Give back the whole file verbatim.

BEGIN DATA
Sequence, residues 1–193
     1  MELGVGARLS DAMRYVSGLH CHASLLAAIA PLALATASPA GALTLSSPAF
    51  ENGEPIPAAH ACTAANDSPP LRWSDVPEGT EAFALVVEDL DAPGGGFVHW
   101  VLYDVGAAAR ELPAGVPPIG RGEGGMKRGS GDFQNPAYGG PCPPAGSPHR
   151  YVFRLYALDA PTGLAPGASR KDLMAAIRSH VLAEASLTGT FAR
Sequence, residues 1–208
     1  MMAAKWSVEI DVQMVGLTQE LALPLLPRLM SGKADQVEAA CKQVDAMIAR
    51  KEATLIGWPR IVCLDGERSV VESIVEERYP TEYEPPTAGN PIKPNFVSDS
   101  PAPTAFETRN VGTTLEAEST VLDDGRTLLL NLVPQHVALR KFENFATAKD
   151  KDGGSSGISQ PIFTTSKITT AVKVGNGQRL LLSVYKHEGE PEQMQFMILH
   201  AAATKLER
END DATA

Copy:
Sequence, residues 1–193
     1  MELGVGARLS DAMRYVSGLH CHASLLAAIA PLALATASPA GALTLSSPAF
    51  ENGEPIPAAH ACTAANDSPP LRWSDVPEGT EAFALVVEDL DAPGGGFVHW
   101  VLYDVGAAAR ELPAGVPPIG RGEGGMKRGS GDFQNPAYGG PCPPAGSPHR
   151  YVFRLYALDA PTGLAPGASR KDLMAAIRSH VLAEASLTGT FAR
Sequence, residues 1–208
     1  MMAAKWSVEI DVQMVGLTQE LALPLLPRLM SGKADQVEAA CKQVDAMIAR
    51  KEATLIGWPR IVCLDGERSV VESIVEERYP TEYEPPTAGN PIKPNFVSDS
   101  PAPTAFETRN VGTTLEAEST VLDDGRTLLL NLVPQHVALR KFENFATAKD
   151  KDGGSSGISQ PIFTTSKITT AVKVGNGQRL LLSVYKHEGE PEQMQFMILH
   201  AAATKLER